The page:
Unmet Need, Families Earning Under 200% Poverty Attending Public 4-Year Colleges

On balance though, advocates should be excited about the shift in the debate.

When it comes to addressing existing debt, however, there is far less consensus and much work to do.

When it comes to addressing existing debt, however, there is far less consensus and much work to do. And on achieving relief for the 45 million borrowers with student loans, Bloomberg’s plan is mostly silent and even somewhat strange.

To be sure, there are a few high points, including proposals to eliminate social security and wage garnishment for defaulted loans (something Demos has supported as well). Notably absent, though, is any proposal to partially or fully cancel any student debt.

The Bloomberg plan would enroll all students in income-driven repayment (IDR) and lower borrowers’ monthly payment to 5% of their income (down from 10% under current plans). It would also cap the amount that could be forgiven at $57,500 after students pay their loans for 20 years; currently there are no limits on the amount that can be forgiven.

On one hand, lowering monthly payments sounds great. But as currently structured, borrowers can already make $0 payments under IBR if their wages are at or around the poverty level. So while lowering the amount of income from 10% to 5% may help middle-income borrowers, it does nothing to help the lowest income borrowers.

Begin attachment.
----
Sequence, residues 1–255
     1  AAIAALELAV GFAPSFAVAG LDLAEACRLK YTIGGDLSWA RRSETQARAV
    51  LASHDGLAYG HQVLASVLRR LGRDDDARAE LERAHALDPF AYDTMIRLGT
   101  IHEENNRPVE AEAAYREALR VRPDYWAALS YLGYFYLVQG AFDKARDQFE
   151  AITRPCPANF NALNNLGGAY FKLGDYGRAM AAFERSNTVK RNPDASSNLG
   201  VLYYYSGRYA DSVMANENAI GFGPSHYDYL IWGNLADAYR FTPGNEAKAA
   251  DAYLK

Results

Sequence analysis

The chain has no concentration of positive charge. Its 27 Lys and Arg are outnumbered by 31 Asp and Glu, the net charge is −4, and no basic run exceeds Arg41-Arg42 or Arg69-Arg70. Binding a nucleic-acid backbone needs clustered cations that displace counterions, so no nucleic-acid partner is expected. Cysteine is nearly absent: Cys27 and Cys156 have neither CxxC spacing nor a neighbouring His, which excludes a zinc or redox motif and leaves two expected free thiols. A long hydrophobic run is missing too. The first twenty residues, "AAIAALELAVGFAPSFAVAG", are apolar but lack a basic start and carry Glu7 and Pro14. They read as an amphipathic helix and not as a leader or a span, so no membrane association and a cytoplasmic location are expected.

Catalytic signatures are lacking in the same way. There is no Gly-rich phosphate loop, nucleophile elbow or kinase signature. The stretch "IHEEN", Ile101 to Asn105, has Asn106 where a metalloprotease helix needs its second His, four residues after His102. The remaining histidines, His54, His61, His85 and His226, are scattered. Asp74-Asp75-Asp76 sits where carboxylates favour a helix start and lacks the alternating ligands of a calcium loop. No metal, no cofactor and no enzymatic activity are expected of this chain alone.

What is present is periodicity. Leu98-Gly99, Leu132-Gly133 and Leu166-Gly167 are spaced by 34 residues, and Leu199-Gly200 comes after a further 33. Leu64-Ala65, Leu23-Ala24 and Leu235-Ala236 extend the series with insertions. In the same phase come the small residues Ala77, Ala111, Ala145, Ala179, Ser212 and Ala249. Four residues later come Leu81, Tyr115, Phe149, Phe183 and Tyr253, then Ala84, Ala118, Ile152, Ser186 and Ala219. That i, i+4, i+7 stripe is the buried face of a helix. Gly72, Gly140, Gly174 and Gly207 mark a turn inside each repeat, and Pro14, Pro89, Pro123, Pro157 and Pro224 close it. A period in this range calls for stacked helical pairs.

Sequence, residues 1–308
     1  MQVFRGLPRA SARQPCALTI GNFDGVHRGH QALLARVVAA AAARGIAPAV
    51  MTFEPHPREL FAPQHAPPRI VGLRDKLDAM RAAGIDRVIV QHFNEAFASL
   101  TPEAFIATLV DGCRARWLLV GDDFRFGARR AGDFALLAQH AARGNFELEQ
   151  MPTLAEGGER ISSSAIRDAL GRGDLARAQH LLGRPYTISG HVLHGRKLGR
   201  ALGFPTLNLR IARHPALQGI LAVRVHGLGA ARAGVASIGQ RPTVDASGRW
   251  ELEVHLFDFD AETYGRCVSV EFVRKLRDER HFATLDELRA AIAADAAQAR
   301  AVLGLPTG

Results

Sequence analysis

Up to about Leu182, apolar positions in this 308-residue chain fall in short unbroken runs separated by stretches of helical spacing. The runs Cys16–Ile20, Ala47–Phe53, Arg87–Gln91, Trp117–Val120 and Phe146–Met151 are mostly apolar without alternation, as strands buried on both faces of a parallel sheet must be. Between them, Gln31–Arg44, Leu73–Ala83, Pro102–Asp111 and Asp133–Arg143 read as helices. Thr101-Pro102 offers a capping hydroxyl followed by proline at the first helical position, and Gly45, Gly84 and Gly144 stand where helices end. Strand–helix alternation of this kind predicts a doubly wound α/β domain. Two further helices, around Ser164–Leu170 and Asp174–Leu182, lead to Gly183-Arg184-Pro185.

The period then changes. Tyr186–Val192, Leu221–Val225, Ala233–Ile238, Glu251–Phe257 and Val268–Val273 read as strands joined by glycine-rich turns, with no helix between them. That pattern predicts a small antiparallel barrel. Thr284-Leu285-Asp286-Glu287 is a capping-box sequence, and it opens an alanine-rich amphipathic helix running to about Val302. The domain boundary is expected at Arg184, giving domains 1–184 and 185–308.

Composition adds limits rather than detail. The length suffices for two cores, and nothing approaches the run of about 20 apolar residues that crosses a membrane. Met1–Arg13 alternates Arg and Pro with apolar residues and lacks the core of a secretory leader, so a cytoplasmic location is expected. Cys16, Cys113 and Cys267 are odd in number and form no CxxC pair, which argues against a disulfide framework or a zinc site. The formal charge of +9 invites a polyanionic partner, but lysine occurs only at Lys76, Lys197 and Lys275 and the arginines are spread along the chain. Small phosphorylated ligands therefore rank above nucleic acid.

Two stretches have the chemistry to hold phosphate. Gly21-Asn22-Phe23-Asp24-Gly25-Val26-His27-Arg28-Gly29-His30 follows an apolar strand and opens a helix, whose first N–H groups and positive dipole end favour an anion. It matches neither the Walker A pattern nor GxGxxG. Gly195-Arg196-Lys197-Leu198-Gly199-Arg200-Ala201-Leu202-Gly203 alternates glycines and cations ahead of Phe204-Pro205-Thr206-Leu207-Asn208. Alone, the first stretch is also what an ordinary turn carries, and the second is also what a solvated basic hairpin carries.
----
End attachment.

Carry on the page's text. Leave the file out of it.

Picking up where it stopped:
But capping the amount that could be forgiven could harm low-income borrowers and borrowers of color, especially as interest accrues on their debt. We know that black students are overrepresented among those who take on $50,000 or more and $100,000 or more in debt. By capping the amount of forgiveness, this leaves many black students in perpetual debt.

Figure 11. Black Students are Overrepresented Among Those with Large Debts 12 Years after Starting College
Figure from our report, Debt to Society: The Case for Bold, Equitable Student Loan Cancellation and Reform (click to open)

The instinct here is to limit forgiveness among those who take on large amounts for graduate school. But there are better ways to do so than placing a cap on the amount that anyone can receive. For one, the Bloomberg campaign could provide unlimited forgiveness for low-wealth borrowers, while tweaking repayment for high-income households (for more in this vein, see these recommendations from the Institute for College Access and Success). Another novel idea might involve the billionaire candidate funding universal loan forgiveness by increasing taxes on very wealthy, disproportionately postgraduate-educated households.

While there seems to be some consensus on the need to offer a guarantee of free 2- or 4-year college to most students, expand grant aid and broader investments in public higher education, there is considerable daylight on cancelling or forgiving debt.

Demos believes such a bold stroke, either through executive action or legislation, would be a transformative investment in the most diverse generation of students and borrowers in history. One hopes that the former Mayor and other candidates skeptical of the idea are asked about it on the campaign trail.